Massive sockeye run too late for those who wanted to follow footsteps of fisherman Al Brown
The refrain of the Song of the Sockeye and choruses of The Coho Flash Silver echoed through the Maritime Labour Centre yesterday as the family and friends of fisherman Al Brown gathered to remember a remarkable man whose life summed up so many of the strengths and values of BC’s now devastated salmon fishery.
The 30 million sockeye now thronging the Fraser have come too late for those who hoped to follow in Brown’s footsteps, fashioning a living by harvesting a renewable resource that supported commercial fishing for more than a century.
Brown died Aug. 15, before the magnitude of the current run was confirmed, but if advancing years and declining health had not taken him, the news of this latest monumental example of fisheries mismanagement might have finished him on its own. He was 86.
Brown died at his Kitsilano home at Macdonald and 23rd, a house he inherited from his father and where he not only raised his own family but built his third and last boat, the Sea Deuce, in the back yard.
When his second son Kerry asked him why he had become a fisherman, Brown replied, “because to be a good fisherman, you have to be good at everything.” Brown had the combination of intellect and skills — mechanic, electrician, navigator, carpenter, oceanographer and much more — that made for successful fishing.
More importantly, he was a warm and engaging human being, adept at poker, comfortable at the track, and a great father and grandfather with his lifelong partner Nora.
A graduate of Kitsilano High School, Brown served in the Royal Canadian Navy Volunteer Reserve during the war, crossing and recrossing the North Atlantic on a corvette escorting convoys. The nine-to-five jobs on offer after the war held little appeal and when a chance to go fishing came his way, he jumped at it. His first gillnetter, a derelict named Alice G, was entirely rebuilt in his back yard.
Brown was a lifelong member of the United Fishermen and Allied Workers Union, where I encountered him in the late 1970s.
No one who met Brown could forget his uncanny ability to improvise, from circuit-testing for polarity with a potato to building a bicycle-powered band saw. When he finally built Sea Deuce from the ground up, the vessel incorporated a former Sherman tank engine and countless other unique innovations. Brown and his brother-in-law, Paddy Binns, were among the first fishermen to troll for sockeye and pioneers of the combination boat, which combined gillnetting and trolling gear on a single vessel.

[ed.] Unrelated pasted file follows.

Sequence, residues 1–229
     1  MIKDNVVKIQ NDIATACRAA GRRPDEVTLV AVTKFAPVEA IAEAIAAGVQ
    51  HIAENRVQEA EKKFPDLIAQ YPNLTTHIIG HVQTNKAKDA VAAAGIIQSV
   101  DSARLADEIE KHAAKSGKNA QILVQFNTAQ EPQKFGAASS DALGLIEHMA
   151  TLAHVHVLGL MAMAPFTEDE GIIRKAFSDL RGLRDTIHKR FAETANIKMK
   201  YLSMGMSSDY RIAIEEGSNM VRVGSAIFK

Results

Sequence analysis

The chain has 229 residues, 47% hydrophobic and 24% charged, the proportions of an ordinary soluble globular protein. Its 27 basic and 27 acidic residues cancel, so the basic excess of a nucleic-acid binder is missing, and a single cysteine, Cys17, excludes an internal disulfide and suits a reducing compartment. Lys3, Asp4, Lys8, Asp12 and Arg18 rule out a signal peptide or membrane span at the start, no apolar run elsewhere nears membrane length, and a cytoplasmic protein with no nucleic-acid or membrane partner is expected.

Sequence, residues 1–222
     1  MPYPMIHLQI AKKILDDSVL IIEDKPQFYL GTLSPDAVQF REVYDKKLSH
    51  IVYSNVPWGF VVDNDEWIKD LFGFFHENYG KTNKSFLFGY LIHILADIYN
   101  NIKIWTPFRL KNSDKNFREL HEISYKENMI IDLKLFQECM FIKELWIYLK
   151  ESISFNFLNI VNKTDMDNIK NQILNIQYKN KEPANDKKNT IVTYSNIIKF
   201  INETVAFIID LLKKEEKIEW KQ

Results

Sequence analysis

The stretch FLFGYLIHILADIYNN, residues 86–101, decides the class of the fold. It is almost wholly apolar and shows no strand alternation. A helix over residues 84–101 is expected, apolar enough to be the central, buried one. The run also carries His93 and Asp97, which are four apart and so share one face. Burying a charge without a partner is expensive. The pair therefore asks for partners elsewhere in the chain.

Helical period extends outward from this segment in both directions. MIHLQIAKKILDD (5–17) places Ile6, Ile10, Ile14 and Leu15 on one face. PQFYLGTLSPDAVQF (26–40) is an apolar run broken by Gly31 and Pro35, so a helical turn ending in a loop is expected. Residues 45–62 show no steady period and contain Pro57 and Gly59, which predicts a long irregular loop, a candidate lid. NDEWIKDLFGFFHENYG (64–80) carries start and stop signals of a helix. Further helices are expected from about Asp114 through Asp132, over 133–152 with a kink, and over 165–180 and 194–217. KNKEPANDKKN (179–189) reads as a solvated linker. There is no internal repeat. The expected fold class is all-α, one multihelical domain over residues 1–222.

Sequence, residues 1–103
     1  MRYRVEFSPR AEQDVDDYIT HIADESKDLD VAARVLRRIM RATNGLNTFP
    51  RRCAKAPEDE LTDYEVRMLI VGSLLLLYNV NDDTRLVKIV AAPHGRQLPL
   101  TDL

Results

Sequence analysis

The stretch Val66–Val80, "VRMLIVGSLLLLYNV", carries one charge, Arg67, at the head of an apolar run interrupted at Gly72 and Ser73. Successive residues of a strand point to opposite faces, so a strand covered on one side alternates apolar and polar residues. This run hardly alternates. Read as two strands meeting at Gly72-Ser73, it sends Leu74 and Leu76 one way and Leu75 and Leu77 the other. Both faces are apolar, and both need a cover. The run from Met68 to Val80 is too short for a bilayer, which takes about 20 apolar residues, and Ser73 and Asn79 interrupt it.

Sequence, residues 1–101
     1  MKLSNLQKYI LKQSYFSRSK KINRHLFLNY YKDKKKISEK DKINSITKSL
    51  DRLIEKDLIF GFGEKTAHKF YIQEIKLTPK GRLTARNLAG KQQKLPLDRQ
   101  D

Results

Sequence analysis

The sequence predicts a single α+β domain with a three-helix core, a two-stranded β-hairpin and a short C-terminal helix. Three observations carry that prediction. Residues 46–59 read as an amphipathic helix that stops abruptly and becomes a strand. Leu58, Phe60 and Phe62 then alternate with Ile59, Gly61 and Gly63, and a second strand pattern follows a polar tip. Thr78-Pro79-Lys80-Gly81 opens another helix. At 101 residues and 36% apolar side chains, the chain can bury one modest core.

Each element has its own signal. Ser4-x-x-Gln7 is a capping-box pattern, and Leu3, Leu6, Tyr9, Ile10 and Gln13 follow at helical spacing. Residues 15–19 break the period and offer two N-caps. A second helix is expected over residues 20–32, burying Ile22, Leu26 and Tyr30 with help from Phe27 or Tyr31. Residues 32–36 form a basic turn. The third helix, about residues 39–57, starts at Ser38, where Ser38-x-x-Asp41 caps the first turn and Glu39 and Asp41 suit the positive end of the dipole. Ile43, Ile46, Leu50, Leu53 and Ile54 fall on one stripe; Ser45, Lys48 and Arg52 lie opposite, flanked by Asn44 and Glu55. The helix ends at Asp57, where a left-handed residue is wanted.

His masterwork, however, was the 42-foot Solidarity, built for the fishing families of San Juan del Sur, Nicaragua. What began as a transfer of second-hand fishing gear to desperately poor fishermen after the Sandinista revolution evolved into the construction and delivery of an entirely new boat, built with the contributions of countless Canadian labour, church and business donors.
Leading the work, however, was Brown, who carefully outfitted the Deltaga fiberglass hull with as many as five different types of fishing gear, all based on his own practical knowledge as well as the information he gathered during a visit to San Juan del Sur. Those who wondered why the project took so long seldom reckoned with the untold hours Brown spent managing his ever-changing and often unskilled work crew, who saw Brown as much as a personal mentor as a project leader.
By the time Solidarity was loaded on a freighter for delivery to San Juan del Sur in 1995, the Sandinistas were out of power, Nicaragua’s civil war was burning out, and the local fishermen’s co-op had been taken over by a private company. But the boat — simply called “Al Brown’s boat” by the fishermen — produced and continues to do so today.
With Solidarity in Nicaragua, Brown should have been able to focus once more on his own fishing, but a decade of fleet reduction, privatization and catch restrictions was closing in on the commercial fishery.
As Brown’s son Dennis recorded in his book Salmon Wars: the Battle for the West Coast Fishery, the cumulative effect of those changes was the eventual destruction of the commercial salmon fishery. This year’s massive sockeye run, an eloquent reminder of what we have traded to make way for farmed salmon and continued environmental pressure on salmon rivers, cannot be harvested by the fishermen who remain.
It was a testament to the respect Brown commanded that yesterday’s service was attended by people from every part of the industry, from former cannery owner Don Millerd to MP John Cummings and many former union leaders and activists. Brown is survived by his wife Nora, his sons Dennis and Kerry, his daughters Maureen and Tara, and two grandsons.